BELGRADE (Reuters) - Former Yugoslav leader Slobodan Milosevic feared he was poisoned in his detention cell in The Hague, his lawyer Zdenko Tomanovic said on Saturday hours after the tribunal announced Milosevic's death.
"Today I have filed an official request to the tribunal to have the autopsy carried out in Moscow, having in mind his claims yesterday that he was being poisoned in the jail," Tomanovic told Serbia's B-92 television from The Hague.
UPDATE: What a surprise- they're scared stiff of an an independent autopsy.
UN War Crimes Tribunal Denies Request for Milosevic Autopsy in Moscow
Xinhua - 2006-03-12 03:19:02
The U.N. war crimes tribunal said on Saturday it had denied a request by Slobodan Milosevic's lawyer to have the autopsy of the former Yugoslavia president conducted in Moscow instead of The Hague. A tribunal official also declined to comment on a claim by Milosevic's lawyer that he had been poisoned while in jail. The International Criminal Tribunal for the former Yugoslavia (ICTY) in The Hague on Saturday announced that Milosevic had been found dead on his bed in his cell at the UN detention unit in Scheveningen. Milosevic, 64, has suffered from high blood pressure and heart problems. On Feb. 24, the tribunal refused Milosevic's request to be temporarily released to Moscow in order to undergo medical treatment. In a trial that started on Feb. 12, 2002, Milosevic faced 66 charges of war crimes, including genocide for his role in the Balkan wars following the breakup of the Yugoslav federation in the 1990s.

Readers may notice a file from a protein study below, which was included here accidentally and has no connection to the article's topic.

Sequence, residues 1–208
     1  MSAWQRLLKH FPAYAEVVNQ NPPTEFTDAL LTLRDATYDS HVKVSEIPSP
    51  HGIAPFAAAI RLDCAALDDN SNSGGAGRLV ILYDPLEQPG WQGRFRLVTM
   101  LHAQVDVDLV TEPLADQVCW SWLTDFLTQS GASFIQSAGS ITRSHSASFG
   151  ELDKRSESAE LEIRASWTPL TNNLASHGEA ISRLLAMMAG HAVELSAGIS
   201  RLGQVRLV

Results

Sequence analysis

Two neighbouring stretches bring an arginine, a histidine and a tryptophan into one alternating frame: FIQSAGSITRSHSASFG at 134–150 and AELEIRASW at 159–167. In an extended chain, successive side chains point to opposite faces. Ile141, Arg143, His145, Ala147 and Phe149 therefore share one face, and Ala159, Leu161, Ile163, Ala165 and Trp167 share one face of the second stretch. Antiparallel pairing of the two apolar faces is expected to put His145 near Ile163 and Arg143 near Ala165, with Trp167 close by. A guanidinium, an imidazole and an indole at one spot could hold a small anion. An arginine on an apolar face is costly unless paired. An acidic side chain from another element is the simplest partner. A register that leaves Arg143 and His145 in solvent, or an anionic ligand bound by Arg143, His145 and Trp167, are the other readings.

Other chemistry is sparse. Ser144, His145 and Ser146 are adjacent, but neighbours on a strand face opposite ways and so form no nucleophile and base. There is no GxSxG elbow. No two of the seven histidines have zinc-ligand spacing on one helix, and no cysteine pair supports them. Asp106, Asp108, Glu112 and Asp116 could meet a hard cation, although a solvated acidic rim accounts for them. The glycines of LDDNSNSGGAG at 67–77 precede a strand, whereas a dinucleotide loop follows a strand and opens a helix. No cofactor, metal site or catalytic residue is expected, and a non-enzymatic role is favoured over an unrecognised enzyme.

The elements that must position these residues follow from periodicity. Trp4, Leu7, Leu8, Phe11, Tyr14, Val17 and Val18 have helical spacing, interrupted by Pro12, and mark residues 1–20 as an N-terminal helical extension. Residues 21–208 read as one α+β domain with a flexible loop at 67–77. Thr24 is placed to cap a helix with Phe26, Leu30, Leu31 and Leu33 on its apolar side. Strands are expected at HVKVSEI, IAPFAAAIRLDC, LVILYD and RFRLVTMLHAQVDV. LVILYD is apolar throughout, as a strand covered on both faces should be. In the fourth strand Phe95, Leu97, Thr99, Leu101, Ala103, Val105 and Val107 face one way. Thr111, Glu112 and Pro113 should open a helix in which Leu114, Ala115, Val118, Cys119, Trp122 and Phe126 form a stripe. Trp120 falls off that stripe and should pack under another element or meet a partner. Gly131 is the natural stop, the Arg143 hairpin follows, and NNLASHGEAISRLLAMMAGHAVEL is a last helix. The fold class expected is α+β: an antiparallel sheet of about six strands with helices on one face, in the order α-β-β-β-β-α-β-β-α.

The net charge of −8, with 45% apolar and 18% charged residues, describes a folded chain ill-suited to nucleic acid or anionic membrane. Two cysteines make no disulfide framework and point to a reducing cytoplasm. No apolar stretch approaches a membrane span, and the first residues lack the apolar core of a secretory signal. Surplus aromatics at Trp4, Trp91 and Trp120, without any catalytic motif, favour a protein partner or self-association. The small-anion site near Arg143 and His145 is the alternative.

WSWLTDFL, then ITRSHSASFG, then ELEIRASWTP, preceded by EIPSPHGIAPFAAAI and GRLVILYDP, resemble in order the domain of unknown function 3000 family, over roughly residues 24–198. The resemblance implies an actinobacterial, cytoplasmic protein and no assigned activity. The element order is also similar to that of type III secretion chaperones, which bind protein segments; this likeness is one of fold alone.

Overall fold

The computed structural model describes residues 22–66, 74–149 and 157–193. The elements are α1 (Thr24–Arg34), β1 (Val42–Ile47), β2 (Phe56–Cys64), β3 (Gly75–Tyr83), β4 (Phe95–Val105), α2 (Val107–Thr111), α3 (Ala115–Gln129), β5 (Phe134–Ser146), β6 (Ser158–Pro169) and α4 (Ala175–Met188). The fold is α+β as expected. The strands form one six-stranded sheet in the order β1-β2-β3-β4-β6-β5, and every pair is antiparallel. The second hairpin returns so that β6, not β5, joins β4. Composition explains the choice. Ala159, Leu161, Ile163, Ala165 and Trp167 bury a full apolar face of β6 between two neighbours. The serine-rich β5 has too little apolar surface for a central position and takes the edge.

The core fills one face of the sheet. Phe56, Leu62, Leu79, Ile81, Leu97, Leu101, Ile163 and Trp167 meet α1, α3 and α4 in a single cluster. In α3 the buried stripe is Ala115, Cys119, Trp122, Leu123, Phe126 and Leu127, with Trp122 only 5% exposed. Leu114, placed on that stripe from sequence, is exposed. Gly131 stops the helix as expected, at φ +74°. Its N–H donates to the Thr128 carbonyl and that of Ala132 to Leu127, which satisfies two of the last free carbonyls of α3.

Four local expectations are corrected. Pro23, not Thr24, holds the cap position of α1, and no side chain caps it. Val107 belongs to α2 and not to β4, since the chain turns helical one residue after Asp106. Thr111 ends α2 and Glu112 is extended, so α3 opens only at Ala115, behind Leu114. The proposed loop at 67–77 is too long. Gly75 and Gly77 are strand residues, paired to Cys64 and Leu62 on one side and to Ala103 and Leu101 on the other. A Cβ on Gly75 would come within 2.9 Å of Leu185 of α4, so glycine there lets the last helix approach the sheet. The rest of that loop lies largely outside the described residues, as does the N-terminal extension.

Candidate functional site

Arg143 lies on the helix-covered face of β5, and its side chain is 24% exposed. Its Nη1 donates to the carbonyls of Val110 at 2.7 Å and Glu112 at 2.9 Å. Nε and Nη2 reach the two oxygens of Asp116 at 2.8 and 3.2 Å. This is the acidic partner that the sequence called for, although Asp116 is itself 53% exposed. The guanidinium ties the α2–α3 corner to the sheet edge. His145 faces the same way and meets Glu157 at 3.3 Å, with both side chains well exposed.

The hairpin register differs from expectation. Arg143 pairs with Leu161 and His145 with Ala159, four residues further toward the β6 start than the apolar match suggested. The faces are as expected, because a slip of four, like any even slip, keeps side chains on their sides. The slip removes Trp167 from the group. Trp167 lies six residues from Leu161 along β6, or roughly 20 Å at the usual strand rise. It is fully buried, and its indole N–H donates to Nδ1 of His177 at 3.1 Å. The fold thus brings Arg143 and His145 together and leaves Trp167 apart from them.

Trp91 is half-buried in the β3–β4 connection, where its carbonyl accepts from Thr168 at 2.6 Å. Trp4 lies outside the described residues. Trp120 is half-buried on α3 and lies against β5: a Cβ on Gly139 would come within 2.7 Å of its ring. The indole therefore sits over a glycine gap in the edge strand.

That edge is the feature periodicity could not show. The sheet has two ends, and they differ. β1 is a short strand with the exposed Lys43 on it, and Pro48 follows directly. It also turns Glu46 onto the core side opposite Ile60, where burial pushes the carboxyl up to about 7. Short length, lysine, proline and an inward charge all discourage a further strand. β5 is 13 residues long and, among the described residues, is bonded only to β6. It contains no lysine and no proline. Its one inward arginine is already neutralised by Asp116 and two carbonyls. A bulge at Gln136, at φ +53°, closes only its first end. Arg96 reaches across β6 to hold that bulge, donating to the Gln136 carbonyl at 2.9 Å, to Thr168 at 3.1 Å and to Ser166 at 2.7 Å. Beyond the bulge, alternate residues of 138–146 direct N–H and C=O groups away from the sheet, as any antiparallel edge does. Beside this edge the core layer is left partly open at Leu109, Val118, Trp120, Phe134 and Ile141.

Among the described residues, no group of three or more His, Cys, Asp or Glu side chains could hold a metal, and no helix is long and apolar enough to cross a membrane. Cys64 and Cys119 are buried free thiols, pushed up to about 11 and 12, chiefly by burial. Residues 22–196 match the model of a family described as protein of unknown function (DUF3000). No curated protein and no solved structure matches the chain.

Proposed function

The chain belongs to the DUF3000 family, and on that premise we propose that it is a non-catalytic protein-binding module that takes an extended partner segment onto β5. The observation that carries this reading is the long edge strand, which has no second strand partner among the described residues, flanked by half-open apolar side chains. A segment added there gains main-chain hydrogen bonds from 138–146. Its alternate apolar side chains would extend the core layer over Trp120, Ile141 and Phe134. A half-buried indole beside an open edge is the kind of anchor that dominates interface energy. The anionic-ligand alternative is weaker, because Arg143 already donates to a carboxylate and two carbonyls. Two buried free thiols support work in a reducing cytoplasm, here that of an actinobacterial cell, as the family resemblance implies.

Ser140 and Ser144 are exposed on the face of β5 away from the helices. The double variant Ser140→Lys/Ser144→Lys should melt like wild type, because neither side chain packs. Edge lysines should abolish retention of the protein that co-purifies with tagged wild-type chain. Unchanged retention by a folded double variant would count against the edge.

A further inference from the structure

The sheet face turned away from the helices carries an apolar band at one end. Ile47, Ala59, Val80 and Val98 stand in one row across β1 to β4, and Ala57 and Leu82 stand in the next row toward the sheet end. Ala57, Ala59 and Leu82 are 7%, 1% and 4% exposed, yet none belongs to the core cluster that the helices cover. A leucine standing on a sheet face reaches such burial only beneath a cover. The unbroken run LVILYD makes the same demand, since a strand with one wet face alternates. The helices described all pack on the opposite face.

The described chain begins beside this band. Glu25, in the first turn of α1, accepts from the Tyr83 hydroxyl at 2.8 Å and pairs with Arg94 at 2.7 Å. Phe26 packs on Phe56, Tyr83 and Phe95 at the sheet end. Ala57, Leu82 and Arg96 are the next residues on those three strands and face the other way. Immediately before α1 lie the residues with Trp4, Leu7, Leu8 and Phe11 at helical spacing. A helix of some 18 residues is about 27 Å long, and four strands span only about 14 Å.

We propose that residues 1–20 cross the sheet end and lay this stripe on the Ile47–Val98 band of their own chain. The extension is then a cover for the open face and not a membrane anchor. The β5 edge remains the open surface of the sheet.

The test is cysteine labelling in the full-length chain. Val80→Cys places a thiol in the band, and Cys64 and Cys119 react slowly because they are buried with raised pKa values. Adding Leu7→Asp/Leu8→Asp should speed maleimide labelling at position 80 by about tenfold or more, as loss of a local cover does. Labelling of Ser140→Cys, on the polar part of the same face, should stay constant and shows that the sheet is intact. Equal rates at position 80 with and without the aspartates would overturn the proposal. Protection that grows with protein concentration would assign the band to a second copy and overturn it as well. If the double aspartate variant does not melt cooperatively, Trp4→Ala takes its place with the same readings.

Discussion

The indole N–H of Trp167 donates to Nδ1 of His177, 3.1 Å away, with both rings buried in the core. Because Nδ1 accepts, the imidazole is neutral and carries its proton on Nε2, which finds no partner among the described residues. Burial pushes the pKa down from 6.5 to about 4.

Russian Foreign Ministry regrets Milosevic not allowed treatment in Moscow
BBC Monitoring Europe (Political) - March 11, 2006 SaturdayText of report by Russia TV on 11 MarchReturning to the main story of the day, the death of Milosevic, we have just received an answer to our inquiry from the Foreign Ministry. This is what they said: [reads out statement] The Foreign Ministry regrets that the Hague tribunal refused to allow the former president of Yugoslavia to undergo treatment in Moscow, despite the guarantees Russia gave. The Foreign Ministry also expresses its sincerest condolences to the family and relatives of Slobodan Milosevic.[Interfax report at 1416 gmt quoted the Russian Foreign Ministry's statement as saying: "As is known, because of worsening health, S. Milosevic asked if he could undergo treatment in Russia. Russian doctors were ready to help him, and the Russian authorities guaranteed that all the demands of the International Tribunal on the former Yugoslavia relating to this would be fulfilled. Unfortunately, despite our guarantees, the tribunal did not allow Milosevic to undergo treatment in Russia." "We are waiting for details about the circumstances of Milosevic's death," the statement also said.